This event begins the worst weekend of Johnny Byron’s life. Set against the backdrop of a local harvest festival complete with drunken locals and morris dancers (google that one), Byron’s life slowly unravels as his home is threatened by developers, tenuous friendships are destroyed, and his relationship with his young son is forever ruined. He’s even threatened with jail time to the surprise of absolutely zero readers. This culminates in Johnny banging feverishly on a drum supposedly given to him by a giant, screaming to his ancestors and every fairy and demon of English mythology for help as literal bulldozers descend on his crappy home.
How did it come to this? The answer lies entirely in Johnny Byron as a character. He at once is both the engine of his own destruction and one of the most compelling characters I’ve encountered in any work of fiction I’ve ever read. On the surface, Johnny Byron is a disgusting human being. He’s a drug addict, he’s dirty, his house sucks, he’s a deadbeat dad. He’s the special kind of pathetic reserved for divorced dads at spring break or frat guys who are staying in the house for a fifth year, partying among children who generally find him gross and pretty transparently use him for drugs.
Johnny Byron represents the ultimate societal misfit. Too damaged to hold down steady work and unwilling to compromise an inch towards living a life those around him deem respectable. The squalor he lives in brings what virtues he has into stark light. What’s likely decades of pub trivia has given him an almost encyclopedic knowledge of English history and culture. He has a deep respect for his family lineage, going back farther than most modern people can fathom. His wood-side trailer serves as a haven for kids escaping difficult lives in a community with very few options. Is it creepy? Definitely, but characters straight up say they generally view Johnny’s parties as safe places for local teens to experiment before abandoning him to live normal suburban lives. He has a flair for story telling that captivates everyone that hears it, quite the achievement considering no one actually likes him.
In another period of England’s history, he’d live a better life. He’d be a troubadour, a hermit, a medicine man, or some other position where his archaic knowledge could be put to use. Instead, he’s relegated to the life of a town outcast, used by almost everyone in the community for drugs and cheap thrills while pretending to ignore him otherwise.
Johnny is by no means a good person. Even the good things he does are marred by the fact that he’s a bred-in-the-bone scumbag. Even one of his most noble acts in the play, where he shelters a 15 year old girl from her abusive step-dad (landing himself a facial brand by way of a blowtorch) is marred by an extremely creepy moment where he charms her with his stories and they almost make-out.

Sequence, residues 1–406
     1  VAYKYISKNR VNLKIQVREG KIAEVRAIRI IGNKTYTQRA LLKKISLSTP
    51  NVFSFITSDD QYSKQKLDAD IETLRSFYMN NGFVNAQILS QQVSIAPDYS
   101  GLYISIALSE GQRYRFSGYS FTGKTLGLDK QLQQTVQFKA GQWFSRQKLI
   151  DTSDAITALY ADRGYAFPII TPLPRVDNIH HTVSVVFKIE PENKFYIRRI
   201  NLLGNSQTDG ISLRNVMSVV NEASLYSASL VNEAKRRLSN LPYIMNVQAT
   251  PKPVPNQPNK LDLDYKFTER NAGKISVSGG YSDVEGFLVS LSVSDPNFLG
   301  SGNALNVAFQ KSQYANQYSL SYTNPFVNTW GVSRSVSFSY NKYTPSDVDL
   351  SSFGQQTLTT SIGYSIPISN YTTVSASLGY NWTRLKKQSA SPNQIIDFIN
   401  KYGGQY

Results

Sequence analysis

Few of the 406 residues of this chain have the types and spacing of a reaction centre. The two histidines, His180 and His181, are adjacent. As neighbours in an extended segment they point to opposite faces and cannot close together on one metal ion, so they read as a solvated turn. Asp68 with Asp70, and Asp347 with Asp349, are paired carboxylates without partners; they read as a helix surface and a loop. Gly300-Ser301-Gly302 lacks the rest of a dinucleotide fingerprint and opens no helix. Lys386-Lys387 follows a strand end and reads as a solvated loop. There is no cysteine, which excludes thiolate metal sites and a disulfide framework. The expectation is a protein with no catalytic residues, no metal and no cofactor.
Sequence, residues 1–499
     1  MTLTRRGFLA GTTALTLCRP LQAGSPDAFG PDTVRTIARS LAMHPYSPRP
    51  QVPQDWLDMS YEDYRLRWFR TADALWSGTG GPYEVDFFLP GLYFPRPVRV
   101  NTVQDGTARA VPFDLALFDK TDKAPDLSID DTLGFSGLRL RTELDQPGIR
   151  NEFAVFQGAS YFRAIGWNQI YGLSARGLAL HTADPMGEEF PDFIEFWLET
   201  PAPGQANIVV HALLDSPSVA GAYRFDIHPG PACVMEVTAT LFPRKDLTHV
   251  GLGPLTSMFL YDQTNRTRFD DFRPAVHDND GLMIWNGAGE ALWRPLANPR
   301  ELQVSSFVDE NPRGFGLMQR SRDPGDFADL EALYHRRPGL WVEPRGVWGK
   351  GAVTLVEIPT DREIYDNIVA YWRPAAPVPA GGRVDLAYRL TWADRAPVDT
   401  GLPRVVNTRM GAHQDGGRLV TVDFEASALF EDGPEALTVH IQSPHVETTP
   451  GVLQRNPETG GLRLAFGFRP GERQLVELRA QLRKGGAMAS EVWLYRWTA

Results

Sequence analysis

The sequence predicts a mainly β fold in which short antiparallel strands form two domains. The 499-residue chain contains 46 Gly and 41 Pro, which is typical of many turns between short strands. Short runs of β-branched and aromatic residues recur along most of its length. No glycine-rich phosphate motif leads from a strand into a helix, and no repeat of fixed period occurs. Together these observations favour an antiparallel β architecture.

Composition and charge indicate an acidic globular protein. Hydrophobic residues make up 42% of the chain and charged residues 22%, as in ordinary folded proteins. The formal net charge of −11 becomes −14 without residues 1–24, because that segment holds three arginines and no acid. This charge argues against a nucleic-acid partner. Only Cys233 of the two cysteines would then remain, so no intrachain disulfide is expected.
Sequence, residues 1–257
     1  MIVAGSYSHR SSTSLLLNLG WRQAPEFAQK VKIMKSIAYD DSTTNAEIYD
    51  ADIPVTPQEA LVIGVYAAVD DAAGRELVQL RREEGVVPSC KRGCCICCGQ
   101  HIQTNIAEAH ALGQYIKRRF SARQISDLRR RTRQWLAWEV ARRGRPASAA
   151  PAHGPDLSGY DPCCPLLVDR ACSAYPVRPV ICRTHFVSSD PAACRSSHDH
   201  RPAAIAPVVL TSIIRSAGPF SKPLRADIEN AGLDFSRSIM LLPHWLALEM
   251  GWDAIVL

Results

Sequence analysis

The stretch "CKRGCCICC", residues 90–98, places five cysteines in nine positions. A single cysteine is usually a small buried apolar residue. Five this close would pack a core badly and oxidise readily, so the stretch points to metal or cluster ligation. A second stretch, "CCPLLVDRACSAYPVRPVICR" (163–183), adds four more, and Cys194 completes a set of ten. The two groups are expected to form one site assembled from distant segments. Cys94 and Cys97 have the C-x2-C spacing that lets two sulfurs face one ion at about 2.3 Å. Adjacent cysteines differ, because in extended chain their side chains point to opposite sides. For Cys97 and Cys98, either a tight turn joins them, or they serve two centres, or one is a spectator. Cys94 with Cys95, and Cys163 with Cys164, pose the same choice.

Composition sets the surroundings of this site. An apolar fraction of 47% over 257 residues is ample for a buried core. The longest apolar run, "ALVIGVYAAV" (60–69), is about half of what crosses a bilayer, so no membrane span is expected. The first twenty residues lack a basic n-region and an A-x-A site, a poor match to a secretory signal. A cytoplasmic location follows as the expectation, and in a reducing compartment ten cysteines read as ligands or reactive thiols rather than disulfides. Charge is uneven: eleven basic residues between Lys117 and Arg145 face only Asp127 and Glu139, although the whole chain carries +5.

Byron’s personality is made up mostly of faults, but it’s a testament his charisma as a character that he pulls the classic Byronic hero move of making you root for him. He’s by no means a good man, but he tries his best when it matters. He’s the kind of man who uses his last few minutes of freedom to impart whatever crumbs of fatherly wisdom he can to the son he’ll not see again until his need for a father is past. He’s the kind of man who takes a blowtorch to the face rather than back down an inch in front of the local bully. He’s the kind of man who when faced with the destruction of his entire life, with no friends aside from an old drum and a regiment of garden gnomes, chooses to go down loudly. He’s no role model, but I’d read about his antics forever.
Quote of the Story:
“School is a lie. Prison’s a waste of time. Girls are wondrous. Grab your fill. No man was ever laid in his barrow wishing he’d loved one less woman. Don’t listen to no one and nothing but what your own heart bids. Lie. Cheat. Steal. Fight to the death. Don’t give up. Show me your teeth.” –Johnny ‘Rooster’ Byron
Keep or Donate?
The issue with reading plays in general is that the reader is encountering the work in the way it wasn’t really meant to be consumed. Plays are meant to be performed. The stage directions that allow the actors bring the piece to life only serve to bring the reader out of sync with the dialogue of the story when read on a page. Ask any high school kid that had to read Shakespeare with their entire English class. The ramblings monologues of Johnny Byron in particular drew me into the story in a way no play I can remember reading ever has. They have a rhythm to them not unlike old English ballads or Viking sagas. They demand your attention and hold it through the literary equivalent of grabbing you by the throat and making you witness one sad man’s downfall. That alone makes this play worthy of a permanent spot on anyone’s bookshelf. Keep it.